LOS ANGELES - Somehow, UCLA has managed to survive, and even thrive, through an incredible string of injuries this season.
From stars to freshmen, seven players have been sidelined at various times, including sophomore Josh Shipp for the rest of the season.
That's enough to wreck a lot of teams.
Instead, UCLA's transformation from downtrodden to dominant promised by coach Ben Howland when he arrived in Westwood three seasons ago is underway.
The revival began last year when the Bruins returned to the NCAA tournament for the first time in three years, losing to Texas Tech in the first round.
"Just getting back was a big step for our program," senior Ryan Hollins said. "This year, we definitely want to build on that. I'm looking forward to going as far as we can."
That might include a high seed in the NCAA tournament, if the 14th-ranked Bruins (17-4) keep winning.
Their losses - all by eight points or fewer - have been to No. 3 Memphis, No. 11 West Virginia, No. 16 Washington and California.
Using a youthful lineup that at times has featured five freshmen and four sophomores, UCLA has climbed to the top of the Pac-10 standings.
The Bruins took a one-game lead over California, Arizona and Stanford into this week's home games against the Arizona schools.
"We can't even think about being in first place, because you saw Washington lost two games last weekend. One game and we're tied," Hollins said. "You got to bring it every night, you can't concede any game or just assume that we're going to win it."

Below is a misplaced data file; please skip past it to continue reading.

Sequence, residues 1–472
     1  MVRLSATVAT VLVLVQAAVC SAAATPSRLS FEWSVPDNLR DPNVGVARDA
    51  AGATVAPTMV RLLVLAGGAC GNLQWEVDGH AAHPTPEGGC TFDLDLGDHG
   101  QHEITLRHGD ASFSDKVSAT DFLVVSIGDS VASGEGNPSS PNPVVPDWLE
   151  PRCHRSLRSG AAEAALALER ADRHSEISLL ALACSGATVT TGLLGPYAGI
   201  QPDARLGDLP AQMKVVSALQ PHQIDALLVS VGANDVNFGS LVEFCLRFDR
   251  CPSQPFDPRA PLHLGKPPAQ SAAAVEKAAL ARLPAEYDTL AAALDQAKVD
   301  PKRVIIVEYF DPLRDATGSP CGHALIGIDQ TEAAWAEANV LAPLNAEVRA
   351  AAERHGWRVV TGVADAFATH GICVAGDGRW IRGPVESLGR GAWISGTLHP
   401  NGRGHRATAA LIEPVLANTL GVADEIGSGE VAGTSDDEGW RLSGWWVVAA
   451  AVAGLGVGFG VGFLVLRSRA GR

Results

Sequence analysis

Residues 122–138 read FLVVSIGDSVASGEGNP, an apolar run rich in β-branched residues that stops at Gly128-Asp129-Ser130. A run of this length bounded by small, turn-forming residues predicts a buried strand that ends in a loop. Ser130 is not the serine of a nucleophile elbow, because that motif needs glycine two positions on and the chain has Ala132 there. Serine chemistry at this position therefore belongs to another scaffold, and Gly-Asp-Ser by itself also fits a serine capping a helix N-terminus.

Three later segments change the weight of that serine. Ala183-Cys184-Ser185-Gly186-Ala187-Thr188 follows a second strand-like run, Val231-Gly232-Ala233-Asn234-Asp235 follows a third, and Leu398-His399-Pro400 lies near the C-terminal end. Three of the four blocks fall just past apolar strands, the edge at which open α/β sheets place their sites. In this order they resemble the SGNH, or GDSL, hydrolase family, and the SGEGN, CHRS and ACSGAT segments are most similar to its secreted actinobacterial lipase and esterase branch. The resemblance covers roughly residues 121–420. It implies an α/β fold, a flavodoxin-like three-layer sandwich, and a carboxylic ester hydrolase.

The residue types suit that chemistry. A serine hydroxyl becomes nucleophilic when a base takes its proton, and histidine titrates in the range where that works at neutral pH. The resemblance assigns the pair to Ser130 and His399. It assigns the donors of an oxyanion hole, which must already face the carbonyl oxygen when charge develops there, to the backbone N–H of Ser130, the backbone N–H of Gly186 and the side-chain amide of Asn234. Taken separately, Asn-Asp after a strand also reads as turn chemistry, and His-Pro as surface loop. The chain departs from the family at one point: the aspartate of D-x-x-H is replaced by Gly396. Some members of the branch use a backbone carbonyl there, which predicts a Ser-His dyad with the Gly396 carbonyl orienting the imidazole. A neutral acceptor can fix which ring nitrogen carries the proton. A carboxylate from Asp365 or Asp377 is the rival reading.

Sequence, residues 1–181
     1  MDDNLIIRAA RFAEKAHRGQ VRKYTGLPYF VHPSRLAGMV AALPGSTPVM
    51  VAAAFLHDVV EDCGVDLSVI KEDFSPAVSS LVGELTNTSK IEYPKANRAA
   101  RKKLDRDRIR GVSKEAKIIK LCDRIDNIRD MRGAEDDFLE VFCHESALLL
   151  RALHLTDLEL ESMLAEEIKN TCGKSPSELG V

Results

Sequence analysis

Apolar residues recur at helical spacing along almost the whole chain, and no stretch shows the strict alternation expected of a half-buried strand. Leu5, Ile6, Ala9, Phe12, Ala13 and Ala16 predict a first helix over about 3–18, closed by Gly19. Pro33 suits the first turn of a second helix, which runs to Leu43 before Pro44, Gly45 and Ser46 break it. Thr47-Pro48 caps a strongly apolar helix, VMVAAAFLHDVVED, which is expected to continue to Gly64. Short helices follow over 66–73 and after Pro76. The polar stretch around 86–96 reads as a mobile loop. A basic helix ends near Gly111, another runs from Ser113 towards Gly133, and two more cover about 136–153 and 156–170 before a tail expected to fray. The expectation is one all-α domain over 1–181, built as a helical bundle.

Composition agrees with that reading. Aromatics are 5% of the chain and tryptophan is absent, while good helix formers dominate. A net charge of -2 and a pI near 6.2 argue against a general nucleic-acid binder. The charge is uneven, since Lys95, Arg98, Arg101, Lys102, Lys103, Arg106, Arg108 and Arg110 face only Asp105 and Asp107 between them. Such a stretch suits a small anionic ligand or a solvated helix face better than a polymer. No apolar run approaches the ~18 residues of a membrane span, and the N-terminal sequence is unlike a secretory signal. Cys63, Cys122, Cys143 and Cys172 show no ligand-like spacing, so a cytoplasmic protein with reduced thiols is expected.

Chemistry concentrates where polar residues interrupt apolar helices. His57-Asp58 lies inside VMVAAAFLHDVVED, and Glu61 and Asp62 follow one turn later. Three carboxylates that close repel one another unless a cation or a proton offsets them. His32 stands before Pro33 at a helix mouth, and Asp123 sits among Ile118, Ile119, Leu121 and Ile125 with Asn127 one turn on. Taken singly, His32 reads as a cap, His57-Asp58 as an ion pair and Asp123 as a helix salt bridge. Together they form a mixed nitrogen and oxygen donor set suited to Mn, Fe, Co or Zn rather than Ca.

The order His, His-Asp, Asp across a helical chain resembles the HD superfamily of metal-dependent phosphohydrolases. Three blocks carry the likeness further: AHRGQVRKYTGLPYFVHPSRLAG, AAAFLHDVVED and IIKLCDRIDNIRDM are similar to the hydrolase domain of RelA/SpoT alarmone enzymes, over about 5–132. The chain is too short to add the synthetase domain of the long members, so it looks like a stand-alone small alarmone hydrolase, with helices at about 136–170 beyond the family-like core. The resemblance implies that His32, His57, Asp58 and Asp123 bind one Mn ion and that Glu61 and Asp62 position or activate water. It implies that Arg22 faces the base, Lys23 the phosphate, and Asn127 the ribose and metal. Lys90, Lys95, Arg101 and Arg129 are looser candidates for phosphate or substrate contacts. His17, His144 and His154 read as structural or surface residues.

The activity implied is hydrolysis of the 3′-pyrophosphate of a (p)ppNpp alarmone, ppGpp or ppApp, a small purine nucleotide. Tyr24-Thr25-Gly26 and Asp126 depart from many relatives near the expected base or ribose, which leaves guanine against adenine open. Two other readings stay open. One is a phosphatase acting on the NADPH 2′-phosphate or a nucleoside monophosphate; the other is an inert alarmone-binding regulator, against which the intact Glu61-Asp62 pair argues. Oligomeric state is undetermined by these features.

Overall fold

Every Pac-10 team has been hit with injuries this season, with seven schools losing at least one player for the season.
The Bruins' biggest loss was Shipp, who scored in double figures in their first four Pac-10 games before persistent hip pain forced him out.
Farmar had three key steals in the closing minutes of a 56-49 win at Oregon a week ago.
"It's good to see him getting close to where he feels real healthy again," Howland said.
The team's injury woes have eased in the last two weeks, with only sophomore Lorenzo Mata (broken leg), senior Michael Fey (ankle, groin and shoulder) and Shipp still out.
During the toughest stretches, Howland had to get creative with his lineup, mixing and matching various pieces. The one constant was UCLA's solid play.
"It's been great to still have the success that we've had," Howland said. "It's a testament to our players. Everybody has had the opportunity to step up when called upon. These guys really like each other and they play as a team. That's what's fun."
Another key is the emergence of Luc Richard Mbah a Moute on the boards. He's averaging nine rebounds in 21 starts, which ranks second in the Pac-10.
If he maintains that average, Mbah a Moute would finish as the best freshman rebounder in UCLA history. The Cameroon native uses his long arms and quickness to pluck caroms from opponents' hands.
"I feel more comfortable playing a lot," he said. "I go hard every time. I got a good feeling for the ball. Maybe I'm lucky. I get something new out of every game."
Midway through the conference schedule, the Bruins have swept road trips to Arizona and Oregon. Overall, they're 5-0 away from home, while three of their four losses had come at Pauley Pavilion.
"I knew all along this team could be at the top and remain at the top, because we definitely have the personnel," leading scorer Arron Afflalo said. "If we put our mind to it, play `D' and do all the right things, play for each other, we shouldn't lose."